|Act of Parliament|
|Long title||An Act to consolidate certain enactments relating to the lieutenancies in Great Britain.|
|Territorial extent||England, Wales, and Scotland|
|Royal assent||19 March 1997|
|Amended by||S.I. 1997/1992, S.I. 2001/3500|
Status: Current legislation
|Text of statute as originally enacted|
|Text of the Lieutenancies Act 1997 as in force today (including any amendments) within the United Kingdom, from legislation.gov.uk.|
Prior to the Local Government Act 1888, a Lord-Lieutenant was appointed to each of the counties. However this Act redefined the areas to be combinations of the new administrative counties and county boroughs. In practice the effect was quite minor, with only a few border differences between the historic and new administrative counties.
These areas changed little until the 1965 creation of Greater London and Huntingdon and Peterborough, which resulted in the abolition of the offices of Lord Lieutenant of Middlesex, Lord Lieutenant of the County of London and Lord Lieutenant of Huntingdonshire and the creation of the Lord Lieutenant of Greater London and Lord Lieutenant of Huntingdon and Peterborough.
In 1974 county boroughs and several administrative counties were rearranged in England and Wales. Lieutenancies were also redefined to use the new metropolitan and non-metropolitan counties directly. Many of the new Lieutenancies were not based on traditional counties in any way.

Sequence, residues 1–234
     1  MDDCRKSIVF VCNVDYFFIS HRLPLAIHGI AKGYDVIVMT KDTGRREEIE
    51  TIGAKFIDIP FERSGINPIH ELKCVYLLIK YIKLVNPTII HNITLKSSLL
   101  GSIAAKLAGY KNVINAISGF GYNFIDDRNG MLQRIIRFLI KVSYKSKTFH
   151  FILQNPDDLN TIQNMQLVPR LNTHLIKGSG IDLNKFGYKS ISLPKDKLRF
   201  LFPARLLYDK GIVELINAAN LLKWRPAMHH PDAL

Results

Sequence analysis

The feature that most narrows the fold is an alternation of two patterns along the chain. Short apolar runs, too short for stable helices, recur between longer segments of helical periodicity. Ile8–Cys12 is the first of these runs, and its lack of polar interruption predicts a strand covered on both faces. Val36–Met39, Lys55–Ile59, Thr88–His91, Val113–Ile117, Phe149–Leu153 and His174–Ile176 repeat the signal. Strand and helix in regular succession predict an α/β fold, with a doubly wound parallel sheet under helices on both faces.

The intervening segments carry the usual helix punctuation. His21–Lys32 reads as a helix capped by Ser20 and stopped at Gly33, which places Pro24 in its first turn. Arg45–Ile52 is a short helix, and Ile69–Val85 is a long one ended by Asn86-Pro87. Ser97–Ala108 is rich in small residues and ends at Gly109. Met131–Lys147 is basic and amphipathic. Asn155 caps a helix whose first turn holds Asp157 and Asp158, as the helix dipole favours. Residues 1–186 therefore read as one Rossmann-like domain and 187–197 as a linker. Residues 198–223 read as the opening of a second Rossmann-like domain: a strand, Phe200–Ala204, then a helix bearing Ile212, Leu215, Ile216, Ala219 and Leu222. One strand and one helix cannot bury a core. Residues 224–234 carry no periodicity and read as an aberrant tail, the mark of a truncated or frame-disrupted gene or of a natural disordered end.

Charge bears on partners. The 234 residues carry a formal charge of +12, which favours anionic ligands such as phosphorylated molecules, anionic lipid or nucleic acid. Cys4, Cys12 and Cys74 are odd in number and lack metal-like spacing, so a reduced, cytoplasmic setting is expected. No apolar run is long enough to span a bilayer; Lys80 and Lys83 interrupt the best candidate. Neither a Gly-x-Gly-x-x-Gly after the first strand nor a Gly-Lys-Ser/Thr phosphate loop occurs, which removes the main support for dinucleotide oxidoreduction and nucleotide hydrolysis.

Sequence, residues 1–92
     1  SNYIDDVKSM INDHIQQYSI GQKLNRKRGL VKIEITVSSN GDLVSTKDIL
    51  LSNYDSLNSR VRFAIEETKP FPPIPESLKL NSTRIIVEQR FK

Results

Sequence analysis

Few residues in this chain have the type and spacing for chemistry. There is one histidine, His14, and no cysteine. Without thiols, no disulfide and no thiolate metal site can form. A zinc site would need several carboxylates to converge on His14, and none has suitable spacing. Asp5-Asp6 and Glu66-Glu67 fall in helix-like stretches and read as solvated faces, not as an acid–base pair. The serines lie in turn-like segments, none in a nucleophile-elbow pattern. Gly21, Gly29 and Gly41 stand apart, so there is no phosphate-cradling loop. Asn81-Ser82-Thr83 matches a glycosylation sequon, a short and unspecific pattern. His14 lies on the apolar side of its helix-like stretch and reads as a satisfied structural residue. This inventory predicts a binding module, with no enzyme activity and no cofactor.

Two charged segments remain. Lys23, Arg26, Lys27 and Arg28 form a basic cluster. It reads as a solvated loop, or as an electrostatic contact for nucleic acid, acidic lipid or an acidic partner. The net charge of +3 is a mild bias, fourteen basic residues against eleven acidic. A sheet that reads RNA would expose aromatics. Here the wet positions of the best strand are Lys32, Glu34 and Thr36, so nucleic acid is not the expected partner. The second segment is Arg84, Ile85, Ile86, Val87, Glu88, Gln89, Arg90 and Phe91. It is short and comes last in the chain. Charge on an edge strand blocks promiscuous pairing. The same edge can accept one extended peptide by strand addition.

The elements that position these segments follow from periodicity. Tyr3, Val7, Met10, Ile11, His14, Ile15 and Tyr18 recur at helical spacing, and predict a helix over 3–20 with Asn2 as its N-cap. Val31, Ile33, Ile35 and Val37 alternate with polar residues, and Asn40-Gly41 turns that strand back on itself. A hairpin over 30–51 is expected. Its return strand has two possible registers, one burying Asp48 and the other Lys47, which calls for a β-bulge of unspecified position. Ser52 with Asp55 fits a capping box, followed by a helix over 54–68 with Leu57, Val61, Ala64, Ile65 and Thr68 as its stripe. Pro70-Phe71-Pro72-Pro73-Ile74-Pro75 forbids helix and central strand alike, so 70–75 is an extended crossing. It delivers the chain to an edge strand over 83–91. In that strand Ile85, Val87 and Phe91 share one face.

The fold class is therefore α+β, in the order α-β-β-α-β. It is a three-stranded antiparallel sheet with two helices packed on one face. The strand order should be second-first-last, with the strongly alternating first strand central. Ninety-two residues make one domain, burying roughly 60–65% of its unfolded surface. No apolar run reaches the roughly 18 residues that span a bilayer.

Many of these Lieutenancies did not last long, however. By the mid-1990s, another local government reorganisation was underway and many of the non-metropolitan counties in England were re-organised, resulting in the creation of unitary authorities.
At this time plans were drawn up for the Lieutenancies Act which would separate the Lieutenancy areas from being directly based on local government areas again. Although the term is not actually used in the Act, the areas it covers have come to be known as "ceremonial counties".
The Local Government (Scotland) Act 1973 redefined the Lieutenancies not to be based on the then new Scottish Regions but as an approximation of the traditional counties in some places and entirely new creations in others.
Local government in Scotland was further reformed on 1 Apr 1996 into single-tier authorities designated as "Councils" but the lieutenancies remain mostly matching the pre-1973 counties and cities.
Local government in Wales was reorganised into a single-tier system on 1 Apr 1996 with the authorities designated as "Principal Councils" but nominally described as Cities, Boroughs or Counties. The lieutenancy areas remain based on the system of local government existing from 1974 to 1996.
The Lieutenancies Bill was introduced in the House of Lords by the Lord Chancellor in January 1997, as a consolidation bill, to simplify and replace earlier legislation. It had its second reading soon afterwards. As a consolidation bill it was not subject to debate in the Commons at the second and third readings.
|chapter-url=missing title (help). Parliamentary Debates (Hansard). House of Lords. 13 January 1997. col. 19.
|chapter-url=missing title (help). Parliamentary Debates (Hansard). House of Lords. January 20, 1997. col. 384-385.
|chapter-url=missing title (help). Parliamentary Debates (Hansard). 3 March 1997. col. 1503-1504.